Public employment and management

OECD Reviews of Human Resource Management in Government: Brazil


Key facts | Key policy issues | Key recommendations

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ISBN Number:
Publication Date:
21 May 2010
Pages: 312


Brazil has recently delivered remarkable performance in economic, social and financial terms. However, Brazil still needs to address longer-term challenges to continue to bolster the economy’s growth potential and close the gap in living standards in relation to the OECD area at a faster pace. One of those challenges is to make government operations more cost-effective.

Although the Brazilian public sector has played a crucial role in promoting stability and setting up the conditions for economic and social development, there is still ample scope for efficiency gains in government operations. Total government employment in Brazil (federal, state and municipality) is rather limited in terms of size, but is expanding and increasingly costly.

As in all OECD countries, in the Brazilian federal government the management of the public workforce is a reflection of national political and economic priorities, and administrative culture.

However, a series of disconnected, fragmented and incomplete reforms with little overall strategic direction have deterred the transition to a modern and dynamic HRM system. Hence, a priority for  Brazil is to define an HRM strategy based on a long-term vision integrated into overall public management reforms. 


Key facts



  • Total public sector employment (including state-owned enterprises) increased by more than 15% between 2003 and 2007. Government employment has accelerated at the federal and municipal level by 10% between 2005 and 2008.
  • Brazil’s expenditure in government workforce represents 12% of GDP (excluding state-owned enterprises), just above the OECD average, and 28% of all compensation costs of employees in the Brazilian economy.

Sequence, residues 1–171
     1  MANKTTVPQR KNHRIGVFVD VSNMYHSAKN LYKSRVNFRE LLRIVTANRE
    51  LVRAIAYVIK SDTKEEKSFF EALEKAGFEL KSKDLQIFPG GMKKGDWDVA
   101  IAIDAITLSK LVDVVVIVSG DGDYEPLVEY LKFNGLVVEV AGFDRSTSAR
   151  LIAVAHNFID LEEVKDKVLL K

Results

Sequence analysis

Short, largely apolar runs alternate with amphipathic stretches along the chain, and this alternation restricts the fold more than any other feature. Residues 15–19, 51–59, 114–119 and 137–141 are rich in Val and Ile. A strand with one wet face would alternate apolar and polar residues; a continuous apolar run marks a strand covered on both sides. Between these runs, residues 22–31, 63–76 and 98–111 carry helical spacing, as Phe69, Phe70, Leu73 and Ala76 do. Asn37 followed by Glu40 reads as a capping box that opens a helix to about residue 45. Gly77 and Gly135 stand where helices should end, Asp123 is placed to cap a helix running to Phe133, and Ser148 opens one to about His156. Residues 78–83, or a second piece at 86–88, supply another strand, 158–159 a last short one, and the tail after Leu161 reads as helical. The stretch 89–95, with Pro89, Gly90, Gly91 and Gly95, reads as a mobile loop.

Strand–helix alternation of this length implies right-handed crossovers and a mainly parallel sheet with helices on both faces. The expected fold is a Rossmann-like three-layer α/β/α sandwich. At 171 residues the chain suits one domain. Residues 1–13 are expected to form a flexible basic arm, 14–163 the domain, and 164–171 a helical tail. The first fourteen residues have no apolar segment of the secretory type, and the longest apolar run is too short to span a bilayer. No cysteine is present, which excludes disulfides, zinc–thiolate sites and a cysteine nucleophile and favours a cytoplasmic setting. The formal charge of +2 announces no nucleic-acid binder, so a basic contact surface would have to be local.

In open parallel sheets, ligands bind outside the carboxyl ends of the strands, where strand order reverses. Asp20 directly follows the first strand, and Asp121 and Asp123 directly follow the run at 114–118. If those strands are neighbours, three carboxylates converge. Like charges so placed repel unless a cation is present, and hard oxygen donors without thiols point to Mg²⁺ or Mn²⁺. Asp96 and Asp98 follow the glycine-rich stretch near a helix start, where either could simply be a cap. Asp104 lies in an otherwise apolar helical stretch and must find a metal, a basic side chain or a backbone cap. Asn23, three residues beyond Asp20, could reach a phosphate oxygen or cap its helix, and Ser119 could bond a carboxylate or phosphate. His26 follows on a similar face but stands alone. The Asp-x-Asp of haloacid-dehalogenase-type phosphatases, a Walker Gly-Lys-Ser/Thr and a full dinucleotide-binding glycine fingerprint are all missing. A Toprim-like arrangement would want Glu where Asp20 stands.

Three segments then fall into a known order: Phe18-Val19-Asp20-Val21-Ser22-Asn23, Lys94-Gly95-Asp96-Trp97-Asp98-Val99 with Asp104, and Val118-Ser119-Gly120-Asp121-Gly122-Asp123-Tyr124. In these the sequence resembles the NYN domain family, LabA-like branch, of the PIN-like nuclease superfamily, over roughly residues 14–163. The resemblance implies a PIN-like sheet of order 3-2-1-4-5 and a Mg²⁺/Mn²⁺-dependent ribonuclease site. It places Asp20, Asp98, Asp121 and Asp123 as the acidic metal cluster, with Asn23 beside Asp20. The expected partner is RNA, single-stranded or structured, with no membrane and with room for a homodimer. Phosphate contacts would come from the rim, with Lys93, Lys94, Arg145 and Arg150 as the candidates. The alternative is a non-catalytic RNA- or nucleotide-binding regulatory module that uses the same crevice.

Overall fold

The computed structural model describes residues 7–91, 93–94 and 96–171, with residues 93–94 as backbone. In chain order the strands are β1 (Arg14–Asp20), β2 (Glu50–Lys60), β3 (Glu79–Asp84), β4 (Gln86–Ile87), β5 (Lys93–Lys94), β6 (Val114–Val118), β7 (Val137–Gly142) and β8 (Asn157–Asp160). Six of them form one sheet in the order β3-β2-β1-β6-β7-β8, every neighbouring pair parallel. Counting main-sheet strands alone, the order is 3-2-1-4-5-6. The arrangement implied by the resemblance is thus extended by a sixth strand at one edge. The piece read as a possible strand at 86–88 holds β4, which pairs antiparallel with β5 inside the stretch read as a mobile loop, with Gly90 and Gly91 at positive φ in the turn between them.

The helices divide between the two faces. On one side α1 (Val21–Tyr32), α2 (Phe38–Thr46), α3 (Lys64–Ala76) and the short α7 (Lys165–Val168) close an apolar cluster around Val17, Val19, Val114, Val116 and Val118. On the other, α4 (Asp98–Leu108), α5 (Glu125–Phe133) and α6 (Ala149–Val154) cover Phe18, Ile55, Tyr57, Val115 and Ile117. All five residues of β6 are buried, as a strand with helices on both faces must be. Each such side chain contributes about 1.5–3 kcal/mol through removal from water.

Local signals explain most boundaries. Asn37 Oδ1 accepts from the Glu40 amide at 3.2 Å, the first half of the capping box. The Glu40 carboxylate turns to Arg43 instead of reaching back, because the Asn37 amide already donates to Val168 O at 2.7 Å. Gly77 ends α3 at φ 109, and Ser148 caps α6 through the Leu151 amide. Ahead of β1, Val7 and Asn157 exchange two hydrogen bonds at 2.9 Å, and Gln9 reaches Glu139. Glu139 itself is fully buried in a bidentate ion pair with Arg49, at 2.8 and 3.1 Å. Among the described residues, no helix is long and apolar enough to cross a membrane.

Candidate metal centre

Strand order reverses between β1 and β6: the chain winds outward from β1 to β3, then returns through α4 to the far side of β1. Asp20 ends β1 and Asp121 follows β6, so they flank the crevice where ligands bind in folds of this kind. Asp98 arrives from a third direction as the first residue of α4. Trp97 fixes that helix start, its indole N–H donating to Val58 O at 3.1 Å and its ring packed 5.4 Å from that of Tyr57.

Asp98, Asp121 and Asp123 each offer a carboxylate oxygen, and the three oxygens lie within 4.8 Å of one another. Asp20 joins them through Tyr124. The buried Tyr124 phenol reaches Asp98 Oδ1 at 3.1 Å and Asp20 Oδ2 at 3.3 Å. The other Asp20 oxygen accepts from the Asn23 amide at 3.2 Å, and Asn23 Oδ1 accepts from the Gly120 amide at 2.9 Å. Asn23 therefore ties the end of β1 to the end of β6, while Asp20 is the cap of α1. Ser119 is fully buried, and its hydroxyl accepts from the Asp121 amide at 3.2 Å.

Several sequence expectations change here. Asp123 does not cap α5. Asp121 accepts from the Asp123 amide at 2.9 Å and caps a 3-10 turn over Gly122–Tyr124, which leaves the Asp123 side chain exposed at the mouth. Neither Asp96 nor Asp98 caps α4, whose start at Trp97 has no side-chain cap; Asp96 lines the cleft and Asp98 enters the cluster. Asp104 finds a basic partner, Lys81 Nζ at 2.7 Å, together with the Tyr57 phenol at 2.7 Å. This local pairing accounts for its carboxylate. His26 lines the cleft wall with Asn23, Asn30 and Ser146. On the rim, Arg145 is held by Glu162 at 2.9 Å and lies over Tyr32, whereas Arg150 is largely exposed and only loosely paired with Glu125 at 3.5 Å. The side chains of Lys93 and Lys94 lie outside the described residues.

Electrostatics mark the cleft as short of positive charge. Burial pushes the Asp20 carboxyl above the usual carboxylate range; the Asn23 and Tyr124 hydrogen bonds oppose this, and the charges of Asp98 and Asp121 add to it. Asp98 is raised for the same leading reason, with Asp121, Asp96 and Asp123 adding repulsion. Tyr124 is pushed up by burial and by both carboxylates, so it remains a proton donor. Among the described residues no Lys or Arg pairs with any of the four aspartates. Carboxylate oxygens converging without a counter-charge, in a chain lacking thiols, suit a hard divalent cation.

• 14% of GDP represents government resources that goes to private sector organizations that supply goods and services to the government and citizens, whereas the OECD average is less than 10% of GDP.
  • 27% of GDP is dedicated to producing public services and goods that are government funded, placing Brazil fifth when compared to OECD member countries.


Key policy issues



  • Managing the federal government workforce effectively is crucial due to increasing demands for public services for the further development of the economy.
  • Workforce management needs to focus less on input and process controls but more on the strategic needs of government.
  • Decisions on staff compensation are not based on a strategic view of salaries and benefits.
  • The Brazilian job category system is rather rigid and requires high transaction costs, and still subject to corporatist pressures.
  • There is no a clear professional cadre of non-political managers that co-exists with politically appointed staff.


Key recommendations



  • Strategic workforce planning should be a priority in reforming the HRM system Chapter 1.
  • Staff compensation should be rationalised Chapter 1.
  • Emphasis should be given to the management of competencies, particularly in recruitment Chapter 2.
  • Senior managers should be managed as a group with defined competences Chapter 3.
  • Capacities in HRM need to be strengthened through the establishment of a modern HRM accountability framework Chapter 4.
  • Core values need to evolve to underpin changes in staff management Chapter 4.


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